- The Washington Times - Thursday, January 1, 2009

From combined dispatches


LSU 38, No. 14 GA. TECH 3: Charles Scott ran for three touchdowns and the Tigers (8-5) took advantage of Georgia Tech’s special teams mistakes in a surprisingly easy victory win over the Yellow Jackets (9-4) in Atlanta on Wednesday night.

LSU outscored Georgia Tech 28-0 in the second quarter and led 35-3 at halftime. Scott, who had 65 yards rushing, scored two touchdowns in the decisive quarter.

A year after winning the national championship, LSU lost three of its last four regular-season games but regrouped for its dominant bowl victory.

The biggest special teams plays all fell in LSU’s favor. LSU recovered an onside kick and a Georgia Tech fumbled punt return and made a fourth-down stop on the Yellow Jackets’ surprising fake punt from the Georgia Tech 22.

LSU turned the fumbled punt and stop on the fake punt into quick touchdowns, outscoring Georgia Tech 28-0 in the second quarter.

As if to affirm its mastery of special teams, LSU pulled off a successful fake punt in the fourth quarter, with punter Brady Dalfrey running for 21 yards for the first down. LSU led 38-3 when coach Les Miles called for the fake, and Georgia Tech fans booed the decision.

Georgia Tech was denied its first 10-win season since 1998.

The Yellow Jackets lost three turnovers, including a fumble by quarterback Josh Nesbitt on a fourth-down run from the LSU 10 with 2:37 remaining.


VANDERBILT 16, BOSTON COLLEGE 14: The Commodores won a bowl game for the first time in 53 years. Bryant Hahnfeldt kicked a 45-yard field goal with 3:26 left to beat the Eagles in Nashville, Tenn.

Vanderbilt hadn’t even played in a bowl since 1982. The win gave the Commodores (7-6) their first winning season since then, too.

In its 10th consecutive bowl appearance, Boston College (9-5) snapped the nation’s longest bowl winning streak, eight straight games. The Eagles also missed a chance at finishing with at least 10 wins for a third straight season.

The Eagles got the ball twice after Hahnfeldt’s third field goal but had to punt the first time, then Myron Lewis picked off Dominique Davis with 1:36 left.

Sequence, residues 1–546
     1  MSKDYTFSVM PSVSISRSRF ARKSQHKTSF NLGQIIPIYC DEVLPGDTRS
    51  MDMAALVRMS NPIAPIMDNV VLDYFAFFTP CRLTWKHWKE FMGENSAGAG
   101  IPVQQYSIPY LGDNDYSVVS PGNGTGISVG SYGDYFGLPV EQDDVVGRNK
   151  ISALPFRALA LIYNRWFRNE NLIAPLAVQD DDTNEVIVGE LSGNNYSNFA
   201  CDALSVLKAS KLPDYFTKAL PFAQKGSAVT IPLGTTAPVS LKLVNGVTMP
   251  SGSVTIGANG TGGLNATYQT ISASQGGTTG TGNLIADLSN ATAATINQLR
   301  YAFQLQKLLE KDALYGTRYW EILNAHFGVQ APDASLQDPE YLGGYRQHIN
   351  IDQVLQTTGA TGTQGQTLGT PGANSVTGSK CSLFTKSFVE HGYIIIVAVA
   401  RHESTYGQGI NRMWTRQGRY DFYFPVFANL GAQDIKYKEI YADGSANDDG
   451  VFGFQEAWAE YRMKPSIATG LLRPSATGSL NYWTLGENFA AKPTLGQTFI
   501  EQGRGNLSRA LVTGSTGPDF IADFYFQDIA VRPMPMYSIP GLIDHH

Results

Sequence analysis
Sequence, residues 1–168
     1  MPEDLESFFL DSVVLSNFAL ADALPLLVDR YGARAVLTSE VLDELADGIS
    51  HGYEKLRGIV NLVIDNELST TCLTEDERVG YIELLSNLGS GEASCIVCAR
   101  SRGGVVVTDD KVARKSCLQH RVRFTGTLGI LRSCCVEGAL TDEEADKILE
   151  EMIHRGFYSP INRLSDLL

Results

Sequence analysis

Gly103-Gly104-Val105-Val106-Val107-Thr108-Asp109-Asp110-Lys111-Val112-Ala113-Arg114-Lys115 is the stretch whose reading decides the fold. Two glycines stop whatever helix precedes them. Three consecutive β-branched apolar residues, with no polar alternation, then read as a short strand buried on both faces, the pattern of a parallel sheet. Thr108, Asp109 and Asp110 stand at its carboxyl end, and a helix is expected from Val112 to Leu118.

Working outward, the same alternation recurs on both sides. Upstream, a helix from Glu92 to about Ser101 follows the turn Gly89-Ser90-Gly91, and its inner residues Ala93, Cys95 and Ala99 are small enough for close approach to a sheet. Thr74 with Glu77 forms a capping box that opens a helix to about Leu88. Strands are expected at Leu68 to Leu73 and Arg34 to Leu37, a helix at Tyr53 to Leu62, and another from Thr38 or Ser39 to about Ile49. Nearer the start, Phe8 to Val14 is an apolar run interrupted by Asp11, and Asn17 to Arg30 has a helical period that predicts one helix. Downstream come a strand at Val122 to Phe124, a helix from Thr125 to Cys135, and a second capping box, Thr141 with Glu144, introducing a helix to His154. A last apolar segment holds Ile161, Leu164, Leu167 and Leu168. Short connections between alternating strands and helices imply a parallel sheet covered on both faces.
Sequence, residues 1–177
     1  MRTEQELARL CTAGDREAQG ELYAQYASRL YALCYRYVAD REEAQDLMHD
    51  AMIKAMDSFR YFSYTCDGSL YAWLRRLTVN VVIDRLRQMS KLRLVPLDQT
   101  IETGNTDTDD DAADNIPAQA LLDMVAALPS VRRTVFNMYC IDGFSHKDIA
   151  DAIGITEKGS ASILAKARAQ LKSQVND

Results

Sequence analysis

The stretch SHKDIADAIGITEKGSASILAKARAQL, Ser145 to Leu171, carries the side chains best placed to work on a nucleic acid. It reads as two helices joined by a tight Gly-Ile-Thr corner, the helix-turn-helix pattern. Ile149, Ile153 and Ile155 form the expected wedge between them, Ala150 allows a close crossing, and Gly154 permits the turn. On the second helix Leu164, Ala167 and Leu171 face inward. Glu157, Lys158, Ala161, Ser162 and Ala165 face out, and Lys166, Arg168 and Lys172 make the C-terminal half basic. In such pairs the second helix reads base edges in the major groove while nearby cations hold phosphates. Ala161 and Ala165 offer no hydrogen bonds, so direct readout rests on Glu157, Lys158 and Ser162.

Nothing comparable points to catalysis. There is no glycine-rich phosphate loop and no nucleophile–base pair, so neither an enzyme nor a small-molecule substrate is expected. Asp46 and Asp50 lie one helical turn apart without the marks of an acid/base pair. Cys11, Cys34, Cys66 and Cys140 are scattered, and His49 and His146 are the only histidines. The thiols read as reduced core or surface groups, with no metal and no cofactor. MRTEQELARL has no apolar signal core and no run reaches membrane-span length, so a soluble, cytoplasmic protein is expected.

No. 24 OREGON ST. 3, No. 18 PITT 0: In the lowest-scoring major bowl game in a half-century, the Beavers (9-4) shut down the Panthers (9-4) in El Paso, Texas, on Justin Kahut’s 44-yard field goal late in the first half.

The defensive struggle included 20 punts and nine sacks. Pittsburgh kicker Connor Lee tried a 58-yard field goal in the closing minutes, but the ball, helped by a steady wind, dropped just short of the crossbar.

Not since Air Force and TCU played to 0-0 standoff in the Cotton Bowl on Jan. 1, 1959, had a bowl produced so few points.

Oregon State improved to 5-0 in bowls since coach Mike Riley began his second stint as coach in 2003. Pitt managed just 178 total yards.

It was the lowest-scoring Sun Bowl since a scoreless tie in 1940 between Catholic and Arizona State.


HOUSTON 34, AIR FORCE 28: Houston coach Kevin Sumlin doesn’t have to hear any more about that nearly three-decade postseason winless drought for the Cougars. It’s finally over.

Case Keenum ran for two touchdowns and threw for another as the Cougars (8-5) wrapped up Sumlin’s first season with a victory against the Falcons (8-5) in Fort Worth, Texas, for their first bowl victory since 1980.

Houston ended an eight-game bowl losing streak, avoiding a record the Cougars didn’t want to share with Notre Dame. The Irish won the Hawaii Bowl last week to end their NCAA-record bowl losing streak at nine.


KANSAS 42, MINNESOTA 21: Dezmon Briscoe caught a game-record 14 passes for 201 yards and three touchdowns, and Todd Reesing threw for four scores for the Jayhawks (8-5) in their victory over the Golden Gophers (7-6) in Tempe, Ariz.

Reesing completed 27 of 35 passes, hitting on a school-record 14 straight passes in the first half. He threw for 313 yards and improved to 20-6 as a starter, and he was intercepted once.

Kerry Meier caught one touchdown pass and threw another for Kansas, which has won three straight bowl games for the first time.

Minnesota’s loss dropped the Big Ten to 0-3 in bowls, while the Big 12 improved to 2-1.

Copyright © 2019 The Washington Times, LLC. Click here for reprint permission.

The Washington Times Comment Policy

The Washington Times welcomes your comments on Spot.im, our third-party provider. Please read our Comment Policy before commenting.


Click to Read More and View Comments

Click to Hide